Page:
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Magnolia Cemetery was opened in 1850 and is sprawling. We went three times, once to get a peek before they closed, then the same night for the Confederate Ghost Walk, and then the next day to see the mausoleums, which are outstanding and varied. Many of them were open, so you can wander inside and check out the architecture. I went in all of them that were open. Shawn did not, but to his credit he did go in the receiving vault which had cobwebs hanging like stalactites and smelled funny. The property is still an active cemetery serving the Charleston community and also has a gorgeous new mausoleum space on the premises. The Ghost Walk started from there so we got to spend some time walking around it under the full moon.

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The walk itself was really amazing, it was an hour and a half long moonlight tour with costumed reenactments of the highlights of Charleston history. It was 18 bucks and I would have done it again the next night if it was taking place again, but it’s only once a year so GO! I was having a great time until we got to the last stop. In the middle of the speech made by the uniformed actor the woman next to me took two steps back from the group and fainted, dropping to her knees as her husband tried to catch her fall.

That stirred things up a bit, as I’m sure you can imagine. Thankfully, she was okay and was sitting quietly on the steps of a family plot when we left, drinking water and surrounded by women in hoopskirts.

Photos in Greenwood Cemetery

I’ve been to visit Greenwood so many times I felt like I’d never see anything in there to surprise me, but that wasn’t true when I went last week. It was the middle of the day and I needed a walk to clear my head. If you haven’t been here this cemetery is magical, very old, and run by an amazing staff who keep it impeccable. It is full of people who made Orlando the city it is and you’ll see headstones with the name of local streets and businesses everywhere- Bumby, Corrine, and my personal favorite- Carey and Hand, the men who started the Carey Hand funeral home here in Orlando. Their buildings are still downtown and have other businesses in them, but plaques commemorate the family and what they did in Orlando, including the fact that they had the first crematorium in Central Florida and the first chapel included in a funeral home in Orlando. (Now the UCF building.)

Greenwood is huge, and in the years I’ve lived in Orlando I still haven’t seen all of it’s 82 acres. One of the things that I love about this cemetery are the ceramic portraits included on many of the graves. Today if you add one to a headstone they can range in price from 100 to 300 dollars, so it’s not inexpensive, and must have been quite an extravagance in previous decades.

On this muggy day I saw three things that I had never noticed before.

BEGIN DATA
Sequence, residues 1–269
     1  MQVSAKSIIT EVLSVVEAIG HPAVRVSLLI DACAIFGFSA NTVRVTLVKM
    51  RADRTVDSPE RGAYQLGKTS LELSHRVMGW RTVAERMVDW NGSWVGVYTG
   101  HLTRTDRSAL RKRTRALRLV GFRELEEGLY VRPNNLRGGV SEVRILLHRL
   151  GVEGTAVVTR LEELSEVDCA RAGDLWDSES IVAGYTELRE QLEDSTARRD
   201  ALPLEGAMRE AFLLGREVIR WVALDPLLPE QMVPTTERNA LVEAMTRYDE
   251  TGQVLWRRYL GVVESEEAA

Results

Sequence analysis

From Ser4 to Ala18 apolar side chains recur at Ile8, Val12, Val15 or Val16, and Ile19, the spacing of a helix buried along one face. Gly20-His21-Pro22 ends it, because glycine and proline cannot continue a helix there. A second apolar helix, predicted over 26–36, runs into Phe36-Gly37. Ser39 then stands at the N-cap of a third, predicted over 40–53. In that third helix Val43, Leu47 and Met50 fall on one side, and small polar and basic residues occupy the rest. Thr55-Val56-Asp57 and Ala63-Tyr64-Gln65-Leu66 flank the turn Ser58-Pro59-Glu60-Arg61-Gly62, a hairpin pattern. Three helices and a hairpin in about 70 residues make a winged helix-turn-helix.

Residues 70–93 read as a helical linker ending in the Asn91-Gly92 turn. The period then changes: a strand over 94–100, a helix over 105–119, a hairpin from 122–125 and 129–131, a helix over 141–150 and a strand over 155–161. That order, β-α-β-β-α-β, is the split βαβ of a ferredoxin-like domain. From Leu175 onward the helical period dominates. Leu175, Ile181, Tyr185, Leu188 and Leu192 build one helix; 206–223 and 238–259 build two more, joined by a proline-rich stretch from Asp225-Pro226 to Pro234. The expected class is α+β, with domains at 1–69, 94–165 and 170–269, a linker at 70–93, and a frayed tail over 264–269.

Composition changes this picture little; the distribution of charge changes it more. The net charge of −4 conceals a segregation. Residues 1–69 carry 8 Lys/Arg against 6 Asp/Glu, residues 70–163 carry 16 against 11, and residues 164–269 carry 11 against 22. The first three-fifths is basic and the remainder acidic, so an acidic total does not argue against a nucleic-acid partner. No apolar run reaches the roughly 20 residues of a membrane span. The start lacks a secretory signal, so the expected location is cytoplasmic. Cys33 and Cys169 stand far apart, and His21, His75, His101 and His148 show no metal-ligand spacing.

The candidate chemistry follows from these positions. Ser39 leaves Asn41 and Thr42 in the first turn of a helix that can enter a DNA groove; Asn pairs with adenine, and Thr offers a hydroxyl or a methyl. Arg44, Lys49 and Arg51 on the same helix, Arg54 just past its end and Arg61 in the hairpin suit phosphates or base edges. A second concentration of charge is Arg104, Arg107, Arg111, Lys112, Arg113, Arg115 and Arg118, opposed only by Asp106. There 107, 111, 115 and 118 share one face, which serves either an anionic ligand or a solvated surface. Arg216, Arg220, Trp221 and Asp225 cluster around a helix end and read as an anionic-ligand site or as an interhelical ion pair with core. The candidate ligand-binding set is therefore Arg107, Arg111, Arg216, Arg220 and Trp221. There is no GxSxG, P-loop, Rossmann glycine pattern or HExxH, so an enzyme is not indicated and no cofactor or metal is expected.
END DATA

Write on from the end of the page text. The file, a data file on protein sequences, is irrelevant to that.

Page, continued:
The first was a large monument near the front of the cemetery in black marble that looked large and imposing, however, on one side was a small engraved plate with the deceased’s initials. When I touched the plate it slid over to reveal a beautifully colored portrait of the man. I always expect photos like this to be black and white but it just shows that I’ve been rather small minded and that sometimes people still like the old fashioned tributes that are done in new ways. There are a few more of these at the back of the cemetery on newer monuments and they’re lovely.

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The second was a small headstone with a lamb on top of it that was not in either of the three Babyland sections, meaning that the child was most likely buried near his other family members instead of with other infants. These small headstones rarely have photos on them for good reason, and if they do the ones that I’ve seen tend to be more somber. This one had a small oval portrait of a beautiful toddler holding his ball and smiling, walking down a sidewalk. Sadly the portrait is worn and a bit hard to see, but at one time it had gold trim painted around it.

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My heart pretty much fell out of my chest, but it was precious.

Finally, on the way out I decided to visit Fred Weeks, and on that day someone had left him a flower! If you don’t know about Fred Weeks or his unusual mausoleum, nobody can tell it like the tour guides on the moonlight tour that takes place every month at the cemetery. Get some walking shoes on and go! I’ve been twice and both times was fortunate enough to get Don Price as the tour guide. You’ll never forget it.

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On the way out I noticed another portrait on a headstone, this time in sepia. Quite the dashing young man, don’t you think?